AUGUSTA, Ga. – About a dozen fans politely applauded as Ernie Els made his way to the 18th green on Sunday at Augusta National, the vast majority unaware that it was likely the South African’s last trip up the iconic hill in the tournament that has caused him so much pain.
For the Big Easy, the Masters was anything but easy. His runner-up showing in 2004 to Phil Mickelson is still the standard for competitive heartbreak to go along with a second-place finish in 2000 and a half dozen top-10 finishes at the year’s first major.
But the green jacket always eluded him.
“This tournament was just not for me,” he said after shooting a 6-over 78.
Els’ love-hate relationship with Augusta National could be summed up in a single answer when he was asked to recount his good memories at the Masters. “Oh, let me think,” he offered with a wry smile.
But as his mind raced through his 23 years at the Masters it quickly settled on his first start in 1994 when he finished tied for eighth place. He remembered being paired with two-time Masters champion Ben Crenshaw and Jose Maria Olazabal, who won that year’s tournament.
He remembered learning to love the nuances of the golf course and its fast, undulating greens. He recalled how much that first exposure benefited him just two months later when he won the U.S. Open at Oakmont.
“Putting on these greens, I loved putting on these greens, and I still do, believe it or not,” said Els, whose exemption into the Masters for winning the 2012 Open ends this year. “That’s definitely the thing that helped me for Oakmont, because Oakmont has very similar slopes, similar speed, and I loved putting at Oakmont.”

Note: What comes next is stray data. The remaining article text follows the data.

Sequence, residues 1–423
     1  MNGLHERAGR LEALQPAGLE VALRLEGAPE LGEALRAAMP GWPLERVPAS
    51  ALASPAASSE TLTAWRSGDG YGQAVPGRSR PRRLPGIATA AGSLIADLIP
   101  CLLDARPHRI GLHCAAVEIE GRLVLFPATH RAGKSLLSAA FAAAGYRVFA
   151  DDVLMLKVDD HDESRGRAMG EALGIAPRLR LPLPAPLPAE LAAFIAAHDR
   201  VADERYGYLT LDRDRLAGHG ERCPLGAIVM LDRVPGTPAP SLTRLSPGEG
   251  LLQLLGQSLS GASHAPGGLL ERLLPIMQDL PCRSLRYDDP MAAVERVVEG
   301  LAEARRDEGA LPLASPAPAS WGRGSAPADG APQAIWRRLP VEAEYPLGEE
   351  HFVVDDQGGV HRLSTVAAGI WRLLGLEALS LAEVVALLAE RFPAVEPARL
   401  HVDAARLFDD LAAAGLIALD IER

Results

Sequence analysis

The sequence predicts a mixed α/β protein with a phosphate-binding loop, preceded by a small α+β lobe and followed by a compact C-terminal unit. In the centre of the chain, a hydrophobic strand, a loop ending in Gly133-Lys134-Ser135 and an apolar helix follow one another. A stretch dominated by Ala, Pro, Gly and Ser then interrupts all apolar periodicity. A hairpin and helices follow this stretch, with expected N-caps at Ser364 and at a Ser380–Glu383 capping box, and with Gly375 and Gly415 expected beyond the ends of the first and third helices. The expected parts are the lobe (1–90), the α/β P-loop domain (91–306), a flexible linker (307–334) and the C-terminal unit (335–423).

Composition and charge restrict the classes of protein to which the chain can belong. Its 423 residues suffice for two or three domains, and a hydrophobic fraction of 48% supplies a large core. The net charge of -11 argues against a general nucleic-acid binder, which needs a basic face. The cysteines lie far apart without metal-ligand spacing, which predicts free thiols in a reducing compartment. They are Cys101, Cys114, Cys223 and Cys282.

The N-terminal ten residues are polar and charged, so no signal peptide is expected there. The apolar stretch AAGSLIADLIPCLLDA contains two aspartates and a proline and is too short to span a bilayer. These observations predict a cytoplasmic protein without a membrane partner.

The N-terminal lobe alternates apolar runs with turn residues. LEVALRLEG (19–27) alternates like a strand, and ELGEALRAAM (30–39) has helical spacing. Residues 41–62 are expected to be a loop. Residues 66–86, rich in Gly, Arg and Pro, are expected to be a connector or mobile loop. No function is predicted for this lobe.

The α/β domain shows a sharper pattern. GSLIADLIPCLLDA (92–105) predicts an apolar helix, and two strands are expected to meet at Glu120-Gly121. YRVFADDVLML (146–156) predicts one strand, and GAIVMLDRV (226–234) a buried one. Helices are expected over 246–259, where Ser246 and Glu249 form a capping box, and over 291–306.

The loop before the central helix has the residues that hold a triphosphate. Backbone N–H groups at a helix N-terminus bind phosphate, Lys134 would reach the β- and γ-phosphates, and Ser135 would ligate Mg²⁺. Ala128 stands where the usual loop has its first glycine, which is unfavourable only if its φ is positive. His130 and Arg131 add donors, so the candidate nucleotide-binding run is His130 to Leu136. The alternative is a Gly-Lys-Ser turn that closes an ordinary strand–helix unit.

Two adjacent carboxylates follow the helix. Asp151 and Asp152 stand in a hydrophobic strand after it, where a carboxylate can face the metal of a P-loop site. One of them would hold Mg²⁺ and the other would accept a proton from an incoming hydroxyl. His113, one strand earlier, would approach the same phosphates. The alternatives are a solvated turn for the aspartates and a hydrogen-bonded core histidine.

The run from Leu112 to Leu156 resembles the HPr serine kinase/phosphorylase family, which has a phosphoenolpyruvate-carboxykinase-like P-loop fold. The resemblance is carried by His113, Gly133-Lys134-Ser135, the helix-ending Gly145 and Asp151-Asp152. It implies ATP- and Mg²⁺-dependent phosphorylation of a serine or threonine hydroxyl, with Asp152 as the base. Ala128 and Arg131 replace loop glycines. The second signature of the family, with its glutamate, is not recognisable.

At 47 years old, Els still maintains a competitive firewall when it comes to negative association, which at least partially explains why 2000 and ’04 don’t immediately register when he thinks of his more than two decades at Augusta National.
The ’04 edition is particularly difficult. After beginning the final round three strokes off the lead, Els eagled the eighth and 13th holes to move into the hunt but could only watch as Mickelson rolled in an 18-footer for birdie at the last to beat him by a stroke.
Els made it clear he’s not at the point in his career where he has much use for nostalgia, even suggesting that he could someday return to the Masters as a competitor, although the prospect of coming back as a non-competing invitee did hold a measure of appeal.
“I’ve got my brains beat in here, so who knows, maybe I can come here and have a few beers,” he laughed.
Just as Els was finishing his day at Augusta National, a pitch shot away Rory McIlroy was teeing off for the final round. Like Els in ’94, McIlroy has seemed destined to win a closet full of green jackets.
“If I look back at the 23, 24 years here, how many professional golfers get the opportunity to play the Masters 23 times?” he said. “Having a chance to win it a couple of times was special and this tournament is just not for me. I’ve won a lot of events around the world, but this one just eluded me and that’s fine.”
Els’ Masters plight is a vivid reminder that not every career, even World Golf Hall of Fame careers, end with a ceremony in Butler Cabin.